The Health Select Committee said: In the longer term we recommend a major review of current planning procedures which should pay particular regard to their rationalisation and eventual replacement by an integrated planning system". What better integrated planning system could there be than placing the responsibility where it belongs, with the Secretary of State? The amendment has considerable merits in doing just that. The result of the current planning system is headlines such as the following in The Times: No jobs for 400 doctors trained at a cost of £40m". I thought that that was pretty hair-raising. Obviously the BMA is highlighting this as a campaign. Two relatives of mine are obstetricians. They are registrars and hope to become consultants in due course. The situation is worse in the area of obstetrics than in many others. However, the BMA highlights the fact that, before long, ear, nose and throat specialists, as well as cardiothoracic and renal surgeons, will face a similar problem. The situation is not satisfactory. Someone must take responsibility for making sure that we have the right numbers coming in for training and the tight numbers of jobs available when training is finished.

There are other considerations which can be added to the mix. There is the EU Working Time Directive, the impact of Caiman, training reforms and the New Deal. In addition, more doctors wish to work part-time. There are also considerations of how doctors wish to balance their family lives and their work lives. If our planning system cannot get it right, then we shall have a lot of extremely unhappy trainees and a lot of overworked consultants. I suggest that the department should look at its planning system and take on board the spirit of this amendment.

Lord Patel

My Lords, I am unaccustomed to speaking in your Lordships' House and noble Lords will therefore forgive me if I am a little slow. Certain facts need to be clarified. It is correct that a major problem has developed in the specialty of obstetrics. I declare my interest here: I am an obstetrician and until the end of September 1998 I was president of the Royal College of Obstetrics and Gynaecology. To that extent, I presided over the problem that has arisen.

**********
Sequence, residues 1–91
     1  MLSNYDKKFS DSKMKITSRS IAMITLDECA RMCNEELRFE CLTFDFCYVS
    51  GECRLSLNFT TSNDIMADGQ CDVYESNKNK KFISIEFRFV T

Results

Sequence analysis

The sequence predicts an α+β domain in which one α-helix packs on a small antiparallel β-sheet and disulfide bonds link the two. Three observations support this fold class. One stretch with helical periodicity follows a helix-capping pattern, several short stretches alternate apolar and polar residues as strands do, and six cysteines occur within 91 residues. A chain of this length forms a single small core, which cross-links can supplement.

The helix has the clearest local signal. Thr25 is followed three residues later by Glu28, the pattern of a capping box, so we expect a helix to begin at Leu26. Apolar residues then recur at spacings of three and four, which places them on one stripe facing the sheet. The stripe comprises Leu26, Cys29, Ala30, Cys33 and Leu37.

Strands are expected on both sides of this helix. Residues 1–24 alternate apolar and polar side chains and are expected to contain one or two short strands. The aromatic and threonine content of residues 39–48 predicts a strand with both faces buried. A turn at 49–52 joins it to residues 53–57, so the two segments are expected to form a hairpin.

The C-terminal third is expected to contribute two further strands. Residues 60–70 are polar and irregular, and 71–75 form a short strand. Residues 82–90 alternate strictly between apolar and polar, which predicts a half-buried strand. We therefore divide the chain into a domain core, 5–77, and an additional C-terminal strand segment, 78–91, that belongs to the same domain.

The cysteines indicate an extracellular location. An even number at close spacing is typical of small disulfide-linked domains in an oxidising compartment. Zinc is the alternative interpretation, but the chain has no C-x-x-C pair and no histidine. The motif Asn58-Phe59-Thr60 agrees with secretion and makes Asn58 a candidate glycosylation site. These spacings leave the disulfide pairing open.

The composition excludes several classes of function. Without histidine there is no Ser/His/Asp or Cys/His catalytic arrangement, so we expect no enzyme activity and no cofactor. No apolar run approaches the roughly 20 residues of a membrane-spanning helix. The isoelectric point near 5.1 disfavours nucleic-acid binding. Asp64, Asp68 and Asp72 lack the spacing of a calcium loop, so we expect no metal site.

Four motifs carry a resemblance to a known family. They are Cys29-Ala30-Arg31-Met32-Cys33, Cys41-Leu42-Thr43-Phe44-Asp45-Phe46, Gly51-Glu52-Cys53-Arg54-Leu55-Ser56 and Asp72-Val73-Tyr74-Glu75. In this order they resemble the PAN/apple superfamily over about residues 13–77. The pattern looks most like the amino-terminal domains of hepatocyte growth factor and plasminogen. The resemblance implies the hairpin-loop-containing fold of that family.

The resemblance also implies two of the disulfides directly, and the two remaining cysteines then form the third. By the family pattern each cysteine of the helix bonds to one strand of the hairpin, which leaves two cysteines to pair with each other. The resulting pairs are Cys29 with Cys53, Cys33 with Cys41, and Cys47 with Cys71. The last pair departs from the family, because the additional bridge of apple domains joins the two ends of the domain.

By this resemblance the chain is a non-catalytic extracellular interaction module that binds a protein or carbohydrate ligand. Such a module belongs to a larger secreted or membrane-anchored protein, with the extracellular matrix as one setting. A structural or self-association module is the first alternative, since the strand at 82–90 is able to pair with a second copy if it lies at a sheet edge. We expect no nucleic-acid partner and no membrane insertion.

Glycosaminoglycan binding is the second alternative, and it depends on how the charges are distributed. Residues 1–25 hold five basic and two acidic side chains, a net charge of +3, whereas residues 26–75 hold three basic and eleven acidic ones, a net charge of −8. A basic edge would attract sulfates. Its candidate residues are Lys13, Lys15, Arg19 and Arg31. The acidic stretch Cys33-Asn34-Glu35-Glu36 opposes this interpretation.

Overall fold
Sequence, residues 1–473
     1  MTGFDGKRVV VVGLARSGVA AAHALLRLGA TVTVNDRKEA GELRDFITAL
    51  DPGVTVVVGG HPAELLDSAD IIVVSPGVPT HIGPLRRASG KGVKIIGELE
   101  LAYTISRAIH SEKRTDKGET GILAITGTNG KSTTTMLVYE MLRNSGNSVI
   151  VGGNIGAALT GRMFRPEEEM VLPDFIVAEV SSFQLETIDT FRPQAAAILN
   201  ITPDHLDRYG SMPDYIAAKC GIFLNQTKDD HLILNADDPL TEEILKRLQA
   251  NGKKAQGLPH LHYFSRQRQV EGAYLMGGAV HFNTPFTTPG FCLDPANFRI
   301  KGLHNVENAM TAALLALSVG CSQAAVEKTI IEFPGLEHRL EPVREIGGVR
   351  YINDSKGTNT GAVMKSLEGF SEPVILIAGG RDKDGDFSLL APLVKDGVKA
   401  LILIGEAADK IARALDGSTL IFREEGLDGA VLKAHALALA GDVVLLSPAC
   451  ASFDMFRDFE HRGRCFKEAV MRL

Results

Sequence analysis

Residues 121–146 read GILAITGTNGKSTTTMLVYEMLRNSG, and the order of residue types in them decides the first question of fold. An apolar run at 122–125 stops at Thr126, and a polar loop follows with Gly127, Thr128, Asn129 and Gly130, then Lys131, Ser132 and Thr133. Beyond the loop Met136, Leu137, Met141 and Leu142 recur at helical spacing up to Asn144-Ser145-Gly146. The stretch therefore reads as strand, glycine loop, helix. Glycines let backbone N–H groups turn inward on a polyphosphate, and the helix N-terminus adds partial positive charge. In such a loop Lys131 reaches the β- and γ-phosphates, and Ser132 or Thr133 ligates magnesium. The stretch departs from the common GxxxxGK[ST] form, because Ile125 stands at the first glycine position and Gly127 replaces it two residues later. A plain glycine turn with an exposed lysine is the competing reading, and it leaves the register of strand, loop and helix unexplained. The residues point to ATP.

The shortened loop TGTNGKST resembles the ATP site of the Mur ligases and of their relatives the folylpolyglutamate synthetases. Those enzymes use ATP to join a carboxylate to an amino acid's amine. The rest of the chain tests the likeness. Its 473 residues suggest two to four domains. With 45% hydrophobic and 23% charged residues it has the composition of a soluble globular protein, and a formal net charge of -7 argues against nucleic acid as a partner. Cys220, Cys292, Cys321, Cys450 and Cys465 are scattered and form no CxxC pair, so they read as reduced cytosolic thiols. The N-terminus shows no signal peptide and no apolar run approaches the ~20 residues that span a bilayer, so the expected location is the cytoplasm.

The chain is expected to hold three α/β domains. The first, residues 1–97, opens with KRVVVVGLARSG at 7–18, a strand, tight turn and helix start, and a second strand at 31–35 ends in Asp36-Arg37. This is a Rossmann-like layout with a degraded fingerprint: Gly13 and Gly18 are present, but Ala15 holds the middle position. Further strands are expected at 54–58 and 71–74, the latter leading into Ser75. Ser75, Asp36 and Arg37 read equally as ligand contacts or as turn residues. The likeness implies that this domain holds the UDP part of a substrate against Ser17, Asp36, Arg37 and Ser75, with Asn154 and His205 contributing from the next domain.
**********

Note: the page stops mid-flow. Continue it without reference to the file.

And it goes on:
There are several factors which led to the problem, and they apply to all specialties. I am currently chairman of the Specialists' Training Authority and therefore sign every certificate in every specialty when a trainee completes the specialist training, and I know how many certificates I have signed. There are more than we originally thought there would be. The problem will occur in other specialties.

The problem has come about because some four-and-a-half years ago we changed our way of training in post-graduate medicine and made it more structured than it was before. The noble Lord, Lord McColl of Dulwich, referred to that. It meant that when a trainee completed the training he or she was issued with a certificate of completion of specialist training, which identified that trainee and enabled him or her to apply for a consultant post in the NHS. The numbers of trainees entering the programme are controlled by a complicated formula worked out by the Specialist Workforce Advisory Group every year for every specialty.

Four-and-a-half years ago, when so-called Calman training was introduced, the contention was that the NHS would move towards a more consultant-based service. What is a consultant-based service as opposed to a consultant-led service? It is a service whereby most if not all treatment is provided by fully trained specialists. We are moving more and more towards a service provided by non-consultants. That is the third problem. Trusts are appointing more non-consultant career grades on short-term contracts rather than longer-term consultant contracts. There are many issues to be teased out.

After the reforms in training, the question arises of how we want to man the medical workforce in the NHS. The public want treatment by fully trained people and those who are not trained or who are in training to be supervised. If that is the intention, many issues must be addressed.

The amendments highlight the problem but I am not sure that they go far enough. A complete review is needed of medical workforce planning. Another problem is that in general practice recruitment is poor, while in specialist services overall, it is good.

Lord Winston